Dr Laura James, a founding director of makespace.org, co-CEO of okfn.org/

Laura was my manager in my very first job in tech. She's a visionary who can turn that vision into a sensible, achievable plan. Having had other managers since then, I've started to see how very, very rare that is. Makespace is an incredibly cool project, and I'm really starting to warm to the Open Knowledge Foundation after reading her blog posts. 

Jennie Fletcher, lead developer for cudl.lib.cam.ac.uk/

I've worked with Jennie for the past 18 months. I've been QA-ing her code, and I've been impressed with the consistent quality of the code she's produced. I'm also impressed with how the site works - I've had cause to use several sites which put scanned manuscripts etc. online, and, while CUDL's not perfect, it's definitely the best one I've used so far. That's at least in part because of the work Jennie's done on big, structural things. If I were composing a list of top 5 programmers whose work I've been involved in testing, Jennie would be on that list. I find that quite inspiring.

Professor Dame Athene Donald, professor at the Cavendish Lab, shortly to become Master of Churchill College Cambridge

She's shown me that women who are at the top of their field still experience everyday sexism, still feel uncertainty and a lack of confidence, still run across those unwritten rules. This makes me feel that I'm part of a community of STEM people, that I might be able to achieve something. It also reminds me of the equality that we should be striving to achieve.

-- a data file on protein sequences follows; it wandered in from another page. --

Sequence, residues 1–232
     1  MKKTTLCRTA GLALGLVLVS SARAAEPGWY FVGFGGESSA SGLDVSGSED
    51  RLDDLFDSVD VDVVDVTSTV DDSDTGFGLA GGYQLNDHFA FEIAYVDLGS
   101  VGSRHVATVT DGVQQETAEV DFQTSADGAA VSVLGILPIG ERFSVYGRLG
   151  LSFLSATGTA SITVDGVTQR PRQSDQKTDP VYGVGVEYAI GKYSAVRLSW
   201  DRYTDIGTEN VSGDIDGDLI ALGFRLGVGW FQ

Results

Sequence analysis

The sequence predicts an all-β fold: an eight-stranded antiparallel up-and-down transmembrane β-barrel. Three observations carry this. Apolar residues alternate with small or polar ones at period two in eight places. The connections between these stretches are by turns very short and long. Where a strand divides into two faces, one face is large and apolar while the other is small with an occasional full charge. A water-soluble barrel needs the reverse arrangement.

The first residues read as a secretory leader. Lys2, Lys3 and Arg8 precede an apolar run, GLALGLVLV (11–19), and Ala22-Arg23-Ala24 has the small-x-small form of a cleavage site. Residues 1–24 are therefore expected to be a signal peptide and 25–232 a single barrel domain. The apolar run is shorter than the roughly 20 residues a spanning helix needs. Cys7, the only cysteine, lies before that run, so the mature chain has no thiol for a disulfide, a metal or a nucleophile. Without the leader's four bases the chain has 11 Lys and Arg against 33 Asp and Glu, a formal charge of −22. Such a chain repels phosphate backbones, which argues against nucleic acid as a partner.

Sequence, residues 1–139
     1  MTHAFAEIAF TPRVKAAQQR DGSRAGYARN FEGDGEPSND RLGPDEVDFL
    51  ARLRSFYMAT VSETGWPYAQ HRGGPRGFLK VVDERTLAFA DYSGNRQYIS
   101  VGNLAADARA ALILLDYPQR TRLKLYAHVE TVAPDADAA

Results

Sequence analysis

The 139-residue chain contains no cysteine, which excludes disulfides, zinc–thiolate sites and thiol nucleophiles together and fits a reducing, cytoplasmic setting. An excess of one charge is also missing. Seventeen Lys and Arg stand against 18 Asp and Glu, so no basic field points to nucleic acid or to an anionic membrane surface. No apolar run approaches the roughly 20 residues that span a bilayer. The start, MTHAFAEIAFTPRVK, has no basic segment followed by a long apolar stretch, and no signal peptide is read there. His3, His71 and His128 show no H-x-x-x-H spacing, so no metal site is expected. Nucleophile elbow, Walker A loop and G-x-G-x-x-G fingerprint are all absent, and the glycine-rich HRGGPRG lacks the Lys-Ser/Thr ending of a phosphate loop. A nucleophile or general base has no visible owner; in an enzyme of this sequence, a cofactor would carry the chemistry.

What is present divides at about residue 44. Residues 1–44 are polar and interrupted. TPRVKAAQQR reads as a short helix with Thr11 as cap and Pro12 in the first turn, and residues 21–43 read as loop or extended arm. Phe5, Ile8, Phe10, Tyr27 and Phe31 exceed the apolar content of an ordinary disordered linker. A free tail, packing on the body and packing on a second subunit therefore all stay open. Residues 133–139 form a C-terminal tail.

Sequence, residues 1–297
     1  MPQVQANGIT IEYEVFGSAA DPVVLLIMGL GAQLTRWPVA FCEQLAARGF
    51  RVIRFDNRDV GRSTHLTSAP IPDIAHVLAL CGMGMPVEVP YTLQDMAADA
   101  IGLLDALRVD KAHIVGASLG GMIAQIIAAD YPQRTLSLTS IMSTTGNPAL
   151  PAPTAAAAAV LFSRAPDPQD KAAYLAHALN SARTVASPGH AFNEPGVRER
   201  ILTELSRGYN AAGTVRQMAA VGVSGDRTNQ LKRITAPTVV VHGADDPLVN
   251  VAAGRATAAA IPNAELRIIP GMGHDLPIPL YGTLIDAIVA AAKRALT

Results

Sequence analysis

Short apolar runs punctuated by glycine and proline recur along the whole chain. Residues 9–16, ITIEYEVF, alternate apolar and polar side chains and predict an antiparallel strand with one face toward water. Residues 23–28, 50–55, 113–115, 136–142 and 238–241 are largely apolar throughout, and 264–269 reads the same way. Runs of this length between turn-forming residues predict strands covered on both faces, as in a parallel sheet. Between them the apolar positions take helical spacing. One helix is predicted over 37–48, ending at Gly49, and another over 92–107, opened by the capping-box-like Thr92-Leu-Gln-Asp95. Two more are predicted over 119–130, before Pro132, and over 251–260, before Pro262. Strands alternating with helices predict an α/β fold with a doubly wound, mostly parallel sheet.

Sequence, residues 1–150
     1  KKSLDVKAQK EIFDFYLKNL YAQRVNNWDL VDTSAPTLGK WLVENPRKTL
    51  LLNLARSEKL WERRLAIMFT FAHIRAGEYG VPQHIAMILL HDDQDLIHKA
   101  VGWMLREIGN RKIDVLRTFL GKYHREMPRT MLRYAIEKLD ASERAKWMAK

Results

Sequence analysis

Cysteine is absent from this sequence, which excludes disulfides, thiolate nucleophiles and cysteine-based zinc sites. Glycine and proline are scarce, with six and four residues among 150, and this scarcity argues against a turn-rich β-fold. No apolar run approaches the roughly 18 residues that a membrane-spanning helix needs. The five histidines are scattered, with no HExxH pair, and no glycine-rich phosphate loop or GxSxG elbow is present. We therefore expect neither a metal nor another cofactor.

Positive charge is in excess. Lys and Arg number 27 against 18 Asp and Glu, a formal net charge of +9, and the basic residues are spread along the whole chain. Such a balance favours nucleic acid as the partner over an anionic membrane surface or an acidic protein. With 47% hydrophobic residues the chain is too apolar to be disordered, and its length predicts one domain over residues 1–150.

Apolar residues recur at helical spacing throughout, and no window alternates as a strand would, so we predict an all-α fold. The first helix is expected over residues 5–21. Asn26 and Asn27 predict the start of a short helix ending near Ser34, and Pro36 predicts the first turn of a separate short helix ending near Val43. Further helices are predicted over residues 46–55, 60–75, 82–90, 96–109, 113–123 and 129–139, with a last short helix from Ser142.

vla22: photo of Atli's throne, Torcello, Venice (Default)
2012-03-27 03:14 pm
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Welcome!

This blog is about my development as a programmer, and about social issues to do with data, women and other discriminated-against groups in STEM and related fields. Note that I'm currently doing an assessed project for my degree, so if I state that something is related to that, please don't give me detailed solutions to any problems I may pose. General hints or things to read (that aren't step-by-step cookbooks) are fine - telling me how to write my program is strictly off-limits.

For some biographical details, see my profile. I've blogged pseudonomously for around 10 years; I feel the time is now right to start saying some things more publicly.

Please note: I enjoy debate, but I dislike trolls. Please do not feed the trolls.